Sunday, August 24, 2014

Affordability in DC

Today, the Post published an article titled "D.C. ranks 2nd best for poor families," which described a report by the Citizens Budget Commission.(1) However, in contrast to the article's title, the article recognized that "being the most affordable place to live is not the same as actually being an affordable place to live." The article's title suggests that DC is one of the most affordable cities for poor families, but the report does not make this claim.

First, the CBC report stated that the very poor would have to use their entire income to pay for rent and transportation in DC and elsewhere:
Generally, all large cities in this analysis are affordable to moderate- and middle-income households...None of the cities analyzed is affordable for a single worker household or a very low-income single worker household. For a low-income family, only two cities [San Francisco and Washington, D.C.] are affordable, although very close to the threshold. The problem is particularly troubling for very low-income single households; these households, assumed to earn a wage equal to the national poverty line, require more than 100 percent of that figure [100% of their income] for location costs in all cities but Philadelphia, where location costs are 95 percent. 
According to the report, DC is more affordable than other cities but still unaffordable for the poor in general, and the very low-income in particular. The title of the article was very misleading. Very-low income single workers would have to spend 112% of their income on rent and transportation.

Second, in the report, the authors use median income for the metropolitan area, not for the more narrow DC area, which means that the low-income families they are analyzing have much higher incomes than is the case within the more narrow area of DC. Data based on the DC Metropolitan area includes households in the counties around DC, which happen to be six of the ten wealthiest counties in the nation, according to Forbes, and thus presenting DC incomes as much higher than they actually are.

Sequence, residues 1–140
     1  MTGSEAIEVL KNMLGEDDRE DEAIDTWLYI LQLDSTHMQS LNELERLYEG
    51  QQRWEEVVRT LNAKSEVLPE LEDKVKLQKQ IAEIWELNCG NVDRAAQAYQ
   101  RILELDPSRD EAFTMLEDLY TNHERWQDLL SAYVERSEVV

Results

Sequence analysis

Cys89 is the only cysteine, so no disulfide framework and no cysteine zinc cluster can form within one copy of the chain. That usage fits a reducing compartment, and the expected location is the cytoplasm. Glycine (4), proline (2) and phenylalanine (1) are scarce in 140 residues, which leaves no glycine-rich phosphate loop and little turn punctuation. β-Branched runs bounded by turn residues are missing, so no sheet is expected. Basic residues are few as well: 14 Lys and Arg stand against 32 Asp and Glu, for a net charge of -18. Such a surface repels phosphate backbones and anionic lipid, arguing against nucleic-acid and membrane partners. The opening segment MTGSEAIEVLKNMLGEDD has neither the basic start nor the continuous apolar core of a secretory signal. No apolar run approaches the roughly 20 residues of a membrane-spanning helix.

The CBC report measures a specific group of low-income households, which they define as making $46,600. If we take a different number, the DC Median Household Income (2008-2012)(Census), which is $64,267, then a low-income family would be making about $32,133. There is a great difference between a household making $46,600 and one making $32,133. According to Bureau of Labor Statistics data, in the DC Metro area, here are some jobs, which pay around $46,600 full-time:
Desktop Publishers $45,610
Medical and Clinical Laboratory Technicians $46,230
Surgical Technologists $46,920
Crane and Tower Operators  $47,100
The CBC report defines these residents as low-income. In the DC Metro area, here are some jobs, which pay around $32,133 full-time:
Taxi Drivers and Chauffeurs $29,740
Building and Grounds Cleaning and Maintenance Occupations $31,820
Healthcare Support Occupations $32,040
Maids and Housekeeping Cleaners $32,770
In general, as I have written about before, middle-, low-, and very-low-income residents are forced to compete with each other for the very small number of affordable housing units in DC, while higher-income residents do not have compete in the same way for housing. As a result, many households end up paying more for rent than is financially sustainable. According to the American Community Survey (2012), among DC renters, 40.2% of households use over 35% of their income to pay their rent:
The Post should have been clear up front that the CBC report did not argue that DC is actually affordable for poor families, but rather it is more affordable than most for those making $46,000 and most affordable for single professionals making $65,000.

Last week, I was in San Francisco and learned about their very different system of affordable housing. This very intriguing information will be in my next blog post.

(1) While the Post says that CBC is nonpartisan, the Post did not explain what the CBC's audience or approach is. CBC gave its Corporate Leadership Award to Google, which was the focus of a panel at last week's American Sociological Association conference as a major actor in hyper-gentrification in San Francisco.

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